Cardoness Castle stands on a rocky outcrop at the summit of a
thickly wooded ridge overlooking the Water of the Fleet in
Kircudbrightshire, Scotland. The town of Gatehouse-of- Fleet is on the
opposite side of the river. It is a typical fortified residence of late
medieval Scotland and was built on the tower-house plan. Four storeys
rise over a vaulted basement with there are splendid and elaborate
fireplaces in the Great Hall and Solar, together with stone benches.
Remains of outer defences and buildings still remain.
The date for the construction of the tower-house is ascribed to the middle of the fifteenth century and was probably built by James McCulloch of Cardoness. During the sixteenth century, the castle was recognised to be of tactical importance and a description of it occurs in military report prepared by an English official, no doubt an intelligence agent or spy. The original of the Elizabethan document is in the British Museum and reads:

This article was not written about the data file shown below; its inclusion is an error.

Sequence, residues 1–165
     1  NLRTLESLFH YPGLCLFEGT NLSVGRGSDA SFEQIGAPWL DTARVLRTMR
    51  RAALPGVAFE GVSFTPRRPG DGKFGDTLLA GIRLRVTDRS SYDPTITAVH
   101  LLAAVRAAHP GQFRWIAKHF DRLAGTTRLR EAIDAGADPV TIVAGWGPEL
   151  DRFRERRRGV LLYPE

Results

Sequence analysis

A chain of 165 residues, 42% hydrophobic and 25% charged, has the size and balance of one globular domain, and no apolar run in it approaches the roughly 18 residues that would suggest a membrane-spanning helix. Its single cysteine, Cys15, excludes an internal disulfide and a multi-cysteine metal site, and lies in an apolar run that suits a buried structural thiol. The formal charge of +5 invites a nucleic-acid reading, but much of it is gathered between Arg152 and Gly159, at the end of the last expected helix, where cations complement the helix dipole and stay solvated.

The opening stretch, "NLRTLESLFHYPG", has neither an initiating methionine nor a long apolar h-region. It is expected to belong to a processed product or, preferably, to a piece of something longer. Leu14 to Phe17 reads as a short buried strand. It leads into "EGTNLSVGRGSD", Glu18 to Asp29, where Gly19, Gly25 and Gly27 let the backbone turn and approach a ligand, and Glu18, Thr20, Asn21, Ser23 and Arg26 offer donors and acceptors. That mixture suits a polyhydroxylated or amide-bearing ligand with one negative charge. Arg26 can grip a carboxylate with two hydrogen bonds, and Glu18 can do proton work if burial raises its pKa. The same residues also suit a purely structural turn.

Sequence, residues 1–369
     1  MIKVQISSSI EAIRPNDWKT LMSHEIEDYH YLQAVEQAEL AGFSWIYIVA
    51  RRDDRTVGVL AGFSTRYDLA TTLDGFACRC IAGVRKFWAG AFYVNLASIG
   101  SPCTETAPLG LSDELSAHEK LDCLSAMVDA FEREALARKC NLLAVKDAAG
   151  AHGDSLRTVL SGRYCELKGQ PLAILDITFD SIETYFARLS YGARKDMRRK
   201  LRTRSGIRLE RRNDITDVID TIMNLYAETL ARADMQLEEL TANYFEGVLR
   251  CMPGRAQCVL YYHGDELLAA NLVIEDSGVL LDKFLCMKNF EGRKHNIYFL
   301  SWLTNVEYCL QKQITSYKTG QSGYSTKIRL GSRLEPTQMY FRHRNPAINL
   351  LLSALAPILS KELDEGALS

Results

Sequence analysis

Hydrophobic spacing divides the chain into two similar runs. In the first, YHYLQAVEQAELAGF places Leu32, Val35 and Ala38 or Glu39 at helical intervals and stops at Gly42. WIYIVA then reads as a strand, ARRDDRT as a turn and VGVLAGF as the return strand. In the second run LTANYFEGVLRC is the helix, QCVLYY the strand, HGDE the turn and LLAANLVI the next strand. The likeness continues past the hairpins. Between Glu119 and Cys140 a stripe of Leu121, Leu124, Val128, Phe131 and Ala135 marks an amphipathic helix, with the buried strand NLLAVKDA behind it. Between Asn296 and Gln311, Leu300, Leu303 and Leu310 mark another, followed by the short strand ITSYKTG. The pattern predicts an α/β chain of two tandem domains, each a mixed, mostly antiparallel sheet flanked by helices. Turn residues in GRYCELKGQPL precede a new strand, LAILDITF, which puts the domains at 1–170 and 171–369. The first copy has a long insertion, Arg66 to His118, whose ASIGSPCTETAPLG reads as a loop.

Cardines Tower standeth upon an hight bancke and rocke harde upoun the watter Flete: there can noo ordinance nor gounes endomage it of the sea, nor can there noo artyllare be taken to it upoun the lande, ones having the house, for straitness of ground, and if ye lande at Newtoun upoun flete watter, then ye must pass one mile strait ground and up rockes, wheare noo ordinance can be caryed but upoun mens backes. It is nyne foot thick of the wall without a bermeking and withoute battaling. At the ground eb, men may ryde under the place upoun the sandes one myle: And at the full sea, boates of eight tonnes may come under the wall. It may be taken with two hundreitht men, at the suddane. And being in Engliss possession, may be kepte with one hundreit men in garrisone. It will annoy the inhabitantes betuix the watter of Cree aforesaid and Kiyrcowbright: and be assistant to the same. Distance by see from Wirkington in Englonde tuenty-tuo myles.